This act shall take effect as follows and shall amend the following sections:

Section 1

October 1, 2018

3-125

GAE

Joint Favorable

 

The following Fiscal Impact Statement and Bill Analysis are prepared for the benefit of the members of the General Assembly, solely for purposes of information, summarization and explanation and do not represent the intent of the General Assembly or either chamber thereof for any purpose. In general, fiscal impacts are based upon a variety of informational sources, including the analyst's professional knowledge. Whenever applicable, agency data is consulted as part of the analysis, however final products do not necessarily reflect an assessment from any specific department.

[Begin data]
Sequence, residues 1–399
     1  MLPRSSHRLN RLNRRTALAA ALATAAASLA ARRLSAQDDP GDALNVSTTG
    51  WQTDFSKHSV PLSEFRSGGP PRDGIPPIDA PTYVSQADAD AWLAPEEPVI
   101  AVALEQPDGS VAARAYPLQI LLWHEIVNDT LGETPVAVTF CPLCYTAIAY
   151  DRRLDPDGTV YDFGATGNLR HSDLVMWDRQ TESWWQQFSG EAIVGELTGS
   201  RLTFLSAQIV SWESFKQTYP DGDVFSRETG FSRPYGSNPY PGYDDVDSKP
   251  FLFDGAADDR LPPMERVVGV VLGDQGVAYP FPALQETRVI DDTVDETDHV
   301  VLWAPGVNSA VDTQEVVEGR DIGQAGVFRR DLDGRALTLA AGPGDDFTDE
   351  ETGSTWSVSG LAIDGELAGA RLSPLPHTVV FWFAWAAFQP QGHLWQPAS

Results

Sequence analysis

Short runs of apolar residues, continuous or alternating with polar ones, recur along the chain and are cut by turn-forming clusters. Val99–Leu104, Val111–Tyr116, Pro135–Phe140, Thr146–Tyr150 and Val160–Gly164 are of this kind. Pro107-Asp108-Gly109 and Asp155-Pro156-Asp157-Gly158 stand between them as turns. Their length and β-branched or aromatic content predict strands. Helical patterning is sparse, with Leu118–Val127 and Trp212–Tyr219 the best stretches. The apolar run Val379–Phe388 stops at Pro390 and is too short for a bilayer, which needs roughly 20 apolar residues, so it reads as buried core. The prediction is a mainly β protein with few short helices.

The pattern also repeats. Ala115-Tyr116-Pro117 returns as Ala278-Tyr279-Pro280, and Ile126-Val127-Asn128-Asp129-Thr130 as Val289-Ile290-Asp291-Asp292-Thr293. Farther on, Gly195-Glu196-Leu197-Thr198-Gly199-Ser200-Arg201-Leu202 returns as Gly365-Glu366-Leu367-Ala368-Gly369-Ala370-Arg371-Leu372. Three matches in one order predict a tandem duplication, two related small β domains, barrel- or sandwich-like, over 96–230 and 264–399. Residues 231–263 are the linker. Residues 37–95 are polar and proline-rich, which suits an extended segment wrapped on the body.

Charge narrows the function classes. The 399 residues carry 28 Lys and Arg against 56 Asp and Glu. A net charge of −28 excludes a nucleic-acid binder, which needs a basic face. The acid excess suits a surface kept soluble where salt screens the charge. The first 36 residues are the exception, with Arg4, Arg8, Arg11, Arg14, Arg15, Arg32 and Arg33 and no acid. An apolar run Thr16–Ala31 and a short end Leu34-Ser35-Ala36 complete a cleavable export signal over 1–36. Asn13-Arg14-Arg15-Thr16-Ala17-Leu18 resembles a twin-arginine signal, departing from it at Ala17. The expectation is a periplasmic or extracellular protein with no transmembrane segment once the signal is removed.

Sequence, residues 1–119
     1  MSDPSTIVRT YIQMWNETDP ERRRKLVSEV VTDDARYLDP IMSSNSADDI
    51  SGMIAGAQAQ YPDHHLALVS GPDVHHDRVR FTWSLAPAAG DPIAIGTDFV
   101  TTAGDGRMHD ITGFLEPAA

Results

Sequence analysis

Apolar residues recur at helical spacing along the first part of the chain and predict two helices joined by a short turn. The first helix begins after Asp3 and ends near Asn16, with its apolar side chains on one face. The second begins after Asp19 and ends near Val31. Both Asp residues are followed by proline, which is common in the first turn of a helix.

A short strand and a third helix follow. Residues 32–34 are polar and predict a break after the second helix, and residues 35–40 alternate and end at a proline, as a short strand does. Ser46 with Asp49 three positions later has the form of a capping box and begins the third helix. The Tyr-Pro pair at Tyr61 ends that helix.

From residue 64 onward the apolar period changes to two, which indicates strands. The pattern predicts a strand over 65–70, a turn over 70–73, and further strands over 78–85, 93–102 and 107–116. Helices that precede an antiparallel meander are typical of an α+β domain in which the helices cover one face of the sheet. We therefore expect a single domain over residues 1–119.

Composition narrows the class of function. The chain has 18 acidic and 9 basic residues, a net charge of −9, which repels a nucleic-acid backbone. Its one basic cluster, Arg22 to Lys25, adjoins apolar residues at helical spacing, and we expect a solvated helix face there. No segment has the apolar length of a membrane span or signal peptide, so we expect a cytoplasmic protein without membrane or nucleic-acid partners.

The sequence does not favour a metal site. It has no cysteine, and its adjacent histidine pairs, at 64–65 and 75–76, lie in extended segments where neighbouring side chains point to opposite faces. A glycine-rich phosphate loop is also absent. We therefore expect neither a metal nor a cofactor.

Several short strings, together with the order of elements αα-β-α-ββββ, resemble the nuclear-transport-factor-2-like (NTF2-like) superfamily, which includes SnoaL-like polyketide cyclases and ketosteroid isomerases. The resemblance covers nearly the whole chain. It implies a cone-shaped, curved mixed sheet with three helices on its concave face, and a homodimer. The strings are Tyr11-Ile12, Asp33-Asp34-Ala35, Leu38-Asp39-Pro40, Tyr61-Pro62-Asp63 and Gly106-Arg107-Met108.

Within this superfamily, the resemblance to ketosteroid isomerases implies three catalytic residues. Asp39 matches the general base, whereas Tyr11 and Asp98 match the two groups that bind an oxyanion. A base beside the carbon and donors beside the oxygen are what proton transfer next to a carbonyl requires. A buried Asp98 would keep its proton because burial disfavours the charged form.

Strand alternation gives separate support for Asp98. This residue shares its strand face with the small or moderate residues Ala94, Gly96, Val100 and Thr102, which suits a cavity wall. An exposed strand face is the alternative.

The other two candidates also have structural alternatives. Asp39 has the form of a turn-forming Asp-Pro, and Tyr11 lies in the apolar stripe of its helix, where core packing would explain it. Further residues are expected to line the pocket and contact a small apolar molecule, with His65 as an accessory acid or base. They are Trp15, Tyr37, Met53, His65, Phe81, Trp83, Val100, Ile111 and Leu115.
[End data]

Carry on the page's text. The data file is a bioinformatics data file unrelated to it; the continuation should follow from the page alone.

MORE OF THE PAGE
OFA Fiscal Note

State Impact:

Agency Affected

Fund-Effect

FY 19 $

FY 20 $

Attorney General

GF - Cost

At least 960,000

At least 1,280,000

State Comptroller - Fringe Benefits1

GF - Cost

At least 349,000

At least 465,000

Note: GF=General Fund

Municipal Impact: None

Explanation

The bill, which requires the Attorney General to provide an opinion on regulatory disputes if so requested by businesses, is expected to have a cost of at least $1,309,000 to the General Fund in FY 19 (partial year) and an annualized ongoing cost of at least $1,745,000. The Office of Attorney General would be expected to create a new department in order to have sufficient capacity to address the requirements of the bill.

The bill allows businesses that have a “bona fide dispute with … application of a regulation” to seek an official Attorney General opinion on the matter. Currently, these opinions can only be requested by the legislature (i.e., either chamber or legislative leaders) or state agency heads. Requiring the Attorney General to respond to businesses on demand represents a substantial increase in duties.